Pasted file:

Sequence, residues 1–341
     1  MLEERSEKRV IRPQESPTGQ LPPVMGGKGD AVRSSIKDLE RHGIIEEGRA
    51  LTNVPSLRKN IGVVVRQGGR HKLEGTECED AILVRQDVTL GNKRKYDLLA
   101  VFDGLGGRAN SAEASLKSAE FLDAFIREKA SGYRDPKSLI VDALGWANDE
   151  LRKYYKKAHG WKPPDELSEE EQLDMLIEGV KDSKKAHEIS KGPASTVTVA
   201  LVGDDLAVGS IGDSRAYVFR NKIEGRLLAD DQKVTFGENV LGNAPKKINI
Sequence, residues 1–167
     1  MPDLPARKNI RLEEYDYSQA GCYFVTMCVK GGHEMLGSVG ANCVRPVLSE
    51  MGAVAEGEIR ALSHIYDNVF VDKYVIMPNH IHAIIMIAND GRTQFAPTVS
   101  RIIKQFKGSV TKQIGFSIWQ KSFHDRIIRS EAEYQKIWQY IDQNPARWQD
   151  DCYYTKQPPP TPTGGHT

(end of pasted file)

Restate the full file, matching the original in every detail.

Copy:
Sequence, residues 1–341
     1  MLEERSEKRV IRPQESPTGQ LPPVMGGKGD AVRSSIKDLE RHGIIEEGRA
    51  LTNVPSLRKN IGVVVRQGGR HKLEGTECED AILVRQDVTL GNKRKYDLLA
   101  VFDGLGGRAN SAEASLKSAE FLDAFIREKA SGYRDPKSLI VDALGWANDE
   151  LRKYYKKAHG WKPPDELSEE EQLDMLIEGV KDSKKAHEIS KGPASTVTVA
   201  LVGDDLAVGS IGDSRAYVFR NKIEGRLLAD DQKVTFGENV LGNAPKKINI
Sequence, residues 1–167
     1  MPDLPARKNI RLEEYDYSQA GCYFVTMCVK GGHEMLGSVG ANCVRPVLSE
    51  MGAVAEGEIR ALSHIYDNVF VDKYVIMPNH IHAIIMIAND GRTQFAPTVS
   101  RIIKQFKGSV TKQIGFSIWQ KSFHDRIIRS EAEYQKIWQY IDQNPARWQD
   151  DCYYTKQPPP TPTGGHT